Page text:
President of Russia Vladimir Putin: Good afternoon, colleagues and friends.
Allow me to welcome you to Moscow. This is not a foreign city for you. Many of you, probably all of you, have worked in Russia for some time. I would like to thank primarily Mr Dudley for his initiative to meet in this format. I must say that meetings like this with our partners from European and other countries are a permanent practice. We regularly meet with business representatives from France, Germany and Italy, to name a few. As a rule, this helps us plan our cooperation in many diverse areas, helps us understand what concerns our partners, if this is the case, and determines the most promising avenues for cooperation.
But we know that regrettably in the past few years and up to this day relations between Britain and Russia have not been at their best. And this is an obstacle for those who are doing positive work. Despite the problems in interstate relations, and it should be admitted that they do exist, thanks to the people who think positively, our trade grew by 23 percent in one go in 2017, strange as it may seem. After energy prices stabilized, it increased by another 8 percent last year to $13.7 billion. Cumulative British investment in the Russian economy amounts today to $23.8 billion while the relevant figure for Russian investment in Britain exceeds $11 billion.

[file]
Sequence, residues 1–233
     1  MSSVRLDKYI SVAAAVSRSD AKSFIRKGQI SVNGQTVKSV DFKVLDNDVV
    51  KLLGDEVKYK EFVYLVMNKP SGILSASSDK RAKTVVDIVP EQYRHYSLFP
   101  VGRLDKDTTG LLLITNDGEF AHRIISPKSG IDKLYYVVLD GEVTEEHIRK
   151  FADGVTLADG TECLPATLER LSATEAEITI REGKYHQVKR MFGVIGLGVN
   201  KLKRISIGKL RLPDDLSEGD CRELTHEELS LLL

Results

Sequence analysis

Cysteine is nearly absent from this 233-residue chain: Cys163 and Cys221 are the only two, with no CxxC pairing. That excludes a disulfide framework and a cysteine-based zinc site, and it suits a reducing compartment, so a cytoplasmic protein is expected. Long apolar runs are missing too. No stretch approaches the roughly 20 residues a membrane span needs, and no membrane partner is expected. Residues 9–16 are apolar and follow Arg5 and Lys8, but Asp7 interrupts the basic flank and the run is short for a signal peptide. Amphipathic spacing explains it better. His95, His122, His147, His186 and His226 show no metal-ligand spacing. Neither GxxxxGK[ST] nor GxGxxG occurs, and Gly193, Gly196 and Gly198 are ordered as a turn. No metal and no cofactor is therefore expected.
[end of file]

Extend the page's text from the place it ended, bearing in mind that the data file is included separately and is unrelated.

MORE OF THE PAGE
More than 600 enterprises partly owned by British businesses operate in our country. That is quite a large number. They operate in the industry in the broadest sense, such as mechanical engineering, and the pharmaceutical and other innovation-driven industries. The energy corporations of Russia and the UK are involved in producing and processing crude oil and gas, raw materials, and generating and delivering electric power. They are jointly implementing major projects such as Nord Stream 2 and Sakhalin 3. And I am not even talking about BP being the largest shareholder in our leading oil and gas company, Rosneft.
Experts from London’s City are involved in efforts to create an international financial centre in Moscow, and the London Stock Exchange facilitates capital flows to Russia. The securities of almost all public Russian companies are listed on the LSE.
I would like to emphasise that we in Russia are doing our best to make sure foreign investors, our partners and friends, feel comfortable working on the Russian market and do not come under excessive administrative stress. For your information, Russia is now 31st in the World Bank’s Business Freedom Index having risen dozens of places over the past five years.
Positive dynamics continue in all key macroeconomic indicators. According to the latest estimates, the country's GDP added 2.3 percent last year. The growth of industrial output was even higher at 3 percent. Hundreds of billions of dollars will be invested in critical sectors of the economy and the social sphere as part of national projects. I did not misspeak, we are talking about investing hundreds of billions of dollars. I am sure that your companies could be part of this work; the market is large enough for everyone. We hope that once implemented, these projects will have a comprehensive synergetic effect on the dynamic growth of the entire country, and will open up significant business opportunities, including for the British business community.
I would like to take this opportunity to encourage British entrepreneurs, who have always been widely represented at the St Petersburg Economic Forum, to take an active part in its work this year. It will take place on June 6–8.